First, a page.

“How could they? Imagine having to use different stairs and eat at separate tables…you call that education?” commented a friend when the news came out in the dailies.
There are good headmasters, and then there are other categories of headmasters. The latest group are called the ‘little napoleons’ because they run the co-ed schools like a military camp, separating students based on gender to the extend of requiring students to study at separate classes, use separate staircases and eat at separate tables during lunch break. And when the news leaked out, the Education Ministry had to send officers to conduct investigations and declare that those were school-made rules, not directions from the government. And the official report stated that the rules have been abolished in those schools.
Which comes to one question: What have the teachers and parents been doing all these while?
Surely the teachers and parents of those culprit schools know the going-ons but they prefer to keep quiet. Do they remain silent due to administrative pressures (talk too much and we’ll transfer you to a rural school nobody wants to go to) or because they too, have supported the new ruling? Headmasters, headmistresses (I’m being gender-sensitive) and principals, as well as the senior administrative assistant teachers, have great powers at schools. Their words can be considered law for who dares to go against the individuals who decide how much salary you’d bring home next year? And a new head at school is always received with great anxiety. Get a strict no-nonsense super-principal who is eying the best chair at the state education department and every teacher will hurriedly fill up the transfer form, because there’d suddenly be a dozen or so new extra duties for teachers at school. Have a religious principal and there’d soon be daily doa recitals every morning and on Friday afternoons, and all female students will be required to adhere strictly to the Islamic code of dressing.
“I don’t understand. Why do they want to bring down the cross which has been placed on the wall for centuries, and replace them with those Arabic verses? Why can’t they put both up on the wall instead?” demanded a Christian mother who sent her daughter to a missionary school, run by a Muslim Malay principal.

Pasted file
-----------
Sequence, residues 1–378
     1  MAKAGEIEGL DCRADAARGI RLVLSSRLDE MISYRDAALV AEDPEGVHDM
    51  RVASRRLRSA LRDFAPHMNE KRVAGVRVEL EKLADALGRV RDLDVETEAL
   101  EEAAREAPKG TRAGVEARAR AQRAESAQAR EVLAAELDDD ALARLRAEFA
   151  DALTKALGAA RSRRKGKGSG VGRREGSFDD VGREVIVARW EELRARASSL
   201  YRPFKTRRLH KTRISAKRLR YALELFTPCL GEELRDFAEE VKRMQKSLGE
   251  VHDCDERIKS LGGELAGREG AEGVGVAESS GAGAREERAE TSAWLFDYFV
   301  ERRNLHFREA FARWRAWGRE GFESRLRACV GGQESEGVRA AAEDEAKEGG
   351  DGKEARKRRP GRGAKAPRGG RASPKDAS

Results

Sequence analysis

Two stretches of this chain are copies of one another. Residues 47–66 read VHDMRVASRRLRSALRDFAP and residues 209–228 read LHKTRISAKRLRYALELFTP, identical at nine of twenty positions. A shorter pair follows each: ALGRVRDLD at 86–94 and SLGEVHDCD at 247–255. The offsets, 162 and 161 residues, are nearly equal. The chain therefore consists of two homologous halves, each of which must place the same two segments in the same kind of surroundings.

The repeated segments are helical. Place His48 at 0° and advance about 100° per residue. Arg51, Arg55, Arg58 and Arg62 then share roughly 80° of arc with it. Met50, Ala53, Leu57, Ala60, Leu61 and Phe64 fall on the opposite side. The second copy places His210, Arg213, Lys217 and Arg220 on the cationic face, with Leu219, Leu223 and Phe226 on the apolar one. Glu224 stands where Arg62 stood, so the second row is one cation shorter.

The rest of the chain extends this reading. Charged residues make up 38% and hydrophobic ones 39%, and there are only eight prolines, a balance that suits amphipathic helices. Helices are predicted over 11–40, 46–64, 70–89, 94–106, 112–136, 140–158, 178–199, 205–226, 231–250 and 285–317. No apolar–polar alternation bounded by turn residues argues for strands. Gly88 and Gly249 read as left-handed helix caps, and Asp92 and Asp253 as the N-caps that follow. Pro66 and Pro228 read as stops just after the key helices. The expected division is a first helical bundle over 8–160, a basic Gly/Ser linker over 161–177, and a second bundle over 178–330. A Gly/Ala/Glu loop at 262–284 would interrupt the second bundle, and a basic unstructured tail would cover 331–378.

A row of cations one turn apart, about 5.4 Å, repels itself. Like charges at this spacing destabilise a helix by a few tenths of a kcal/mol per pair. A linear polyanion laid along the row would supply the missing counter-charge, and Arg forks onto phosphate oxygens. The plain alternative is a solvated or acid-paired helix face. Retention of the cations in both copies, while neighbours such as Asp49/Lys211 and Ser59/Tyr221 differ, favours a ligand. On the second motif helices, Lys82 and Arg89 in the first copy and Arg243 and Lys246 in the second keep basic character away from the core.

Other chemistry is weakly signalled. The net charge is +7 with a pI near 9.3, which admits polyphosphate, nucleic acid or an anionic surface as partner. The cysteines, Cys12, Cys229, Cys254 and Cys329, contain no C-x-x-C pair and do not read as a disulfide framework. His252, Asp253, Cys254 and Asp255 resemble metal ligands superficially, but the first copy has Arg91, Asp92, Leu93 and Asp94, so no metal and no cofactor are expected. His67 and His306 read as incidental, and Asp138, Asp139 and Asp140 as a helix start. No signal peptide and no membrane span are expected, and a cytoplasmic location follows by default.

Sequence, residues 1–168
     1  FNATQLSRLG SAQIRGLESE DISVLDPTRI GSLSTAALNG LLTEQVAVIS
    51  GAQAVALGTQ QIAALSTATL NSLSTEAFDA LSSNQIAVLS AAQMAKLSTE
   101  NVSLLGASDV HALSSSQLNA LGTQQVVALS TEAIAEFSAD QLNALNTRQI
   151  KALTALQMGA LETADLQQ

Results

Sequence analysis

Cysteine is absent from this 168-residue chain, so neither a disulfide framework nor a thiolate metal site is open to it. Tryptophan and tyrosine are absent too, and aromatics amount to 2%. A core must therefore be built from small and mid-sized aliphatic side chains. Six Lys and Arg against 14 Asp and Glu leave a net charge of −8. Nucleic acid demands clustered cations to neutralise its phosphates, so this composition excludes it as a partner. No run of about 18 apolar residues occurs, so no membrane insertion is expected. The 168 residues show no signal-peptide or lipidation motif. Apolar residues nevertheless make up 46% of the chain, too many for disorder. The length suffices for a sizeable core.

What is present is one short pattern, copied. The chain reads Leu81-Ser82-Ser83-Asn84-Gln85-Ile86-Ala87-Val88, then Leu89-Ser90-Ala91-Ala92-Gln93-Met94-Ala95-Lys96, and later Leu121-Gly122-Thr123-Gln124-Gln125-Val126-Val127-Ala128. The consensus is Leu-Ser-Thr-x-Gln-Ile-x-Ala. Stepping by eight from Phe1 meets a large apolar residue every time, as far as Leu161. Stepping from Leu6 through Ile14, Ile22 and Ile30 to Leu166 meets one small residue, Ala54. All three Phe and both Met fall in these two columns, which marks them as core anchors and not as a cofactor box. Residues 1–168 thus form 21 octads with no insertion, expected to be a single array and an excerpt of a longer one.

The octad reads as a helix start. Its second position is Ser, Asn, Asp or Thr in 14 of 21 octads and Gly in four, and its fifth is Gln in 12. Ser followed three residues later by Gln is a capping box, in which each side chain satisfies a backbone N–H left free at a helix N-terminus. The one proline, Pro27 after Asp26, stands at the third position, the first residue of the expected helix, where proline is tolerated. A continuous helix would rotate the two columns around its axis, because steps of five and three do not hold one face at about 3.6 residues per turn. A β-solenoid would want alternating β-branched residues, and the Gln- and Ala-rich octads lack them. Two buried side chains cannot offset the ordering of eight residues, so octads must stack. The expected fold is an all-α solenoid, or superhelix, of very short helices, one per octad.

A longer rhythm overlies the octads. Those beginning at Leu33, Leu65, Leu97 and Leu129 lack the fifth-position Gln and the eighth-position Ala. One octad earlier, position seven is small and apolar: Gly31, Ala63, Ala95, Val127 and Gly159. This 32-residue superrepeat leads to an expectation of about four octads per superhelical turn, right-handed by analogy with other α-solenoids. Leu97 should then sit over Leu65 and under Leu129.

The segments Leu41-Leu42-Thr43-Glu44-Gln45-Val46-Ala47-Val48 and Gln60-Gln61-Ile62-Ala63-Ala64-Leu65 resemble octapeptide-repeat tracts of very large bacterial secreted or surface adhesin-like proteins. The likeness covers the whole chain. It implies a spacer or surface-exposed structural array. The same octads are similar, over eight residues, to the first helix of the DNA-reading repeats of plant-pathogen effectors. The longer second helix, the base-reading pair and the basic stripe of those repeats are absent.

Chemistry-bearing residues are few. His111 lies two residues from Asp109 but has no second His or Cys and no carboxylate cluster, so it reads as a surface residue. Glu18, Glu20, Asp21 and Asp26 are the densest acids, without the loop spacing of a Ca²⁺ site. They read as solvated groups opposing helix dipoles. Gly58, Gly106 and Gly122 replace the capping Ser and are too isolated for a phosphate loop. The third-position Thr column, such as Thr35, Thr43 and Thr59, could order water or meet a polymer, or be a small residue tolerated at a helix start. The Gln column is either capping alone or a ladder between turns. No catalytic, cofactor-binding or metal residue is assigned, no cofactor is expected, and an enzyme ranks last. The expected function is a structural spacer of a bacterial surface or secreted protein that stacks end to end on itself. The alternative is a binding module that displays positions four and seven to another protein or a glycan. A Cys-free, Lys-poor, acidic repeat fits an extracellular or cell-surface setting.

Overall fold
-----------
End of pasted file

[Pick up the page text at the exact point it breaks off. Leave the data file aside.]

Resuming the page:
“Not another mural with Arabic words. This place is beginning to look like a Islamic school,” groaned a Chinese teacher at a national school with 80% Muslim Malay students. “Can you blame the non-Muslim parents for not sending their children here?”
“Do you think the children actually read all these Quranic verses on the walls? The money for the paint can be better used to buy books for the students,” said another critic.
I’ve been there, experienced it, seen it and pray that I won’t have to go through it again for the rest of my life. It’s quite ugly when only one form of religion is considered superior to others. When the whole school community is grouped at one compound and only the Islam doa is recited loudly for 5 minutes while those who profess to other religions have to keep silent and listen, some may even call it a form of discrimination. Any non-Muslim student who dare to whisper to friends during the doa recitals even when they are bored listening to verses they do not understand will most probably get punished by the discipline teacher or the prefects. Too bad. When the whole school enrolment sit at the school hall to listen to an Islamic talk by the ustaz, the non-Muslim students are forced to join along and listen quietly because administrators consider it easier to manage the students if they are grouped together. They had not bothered to ask if the non-Muslim students want to listen to those talks. While I agree that the children should be exposed to Islamic teachings, I do not think it is appropriate to force the religion down their throats for the whole of their schooling life. In fact I don’t think it is a good idea for those non-Muslim students to be over-exposed to Islam without their consent. They might end up hating Islam for the wrong reasons.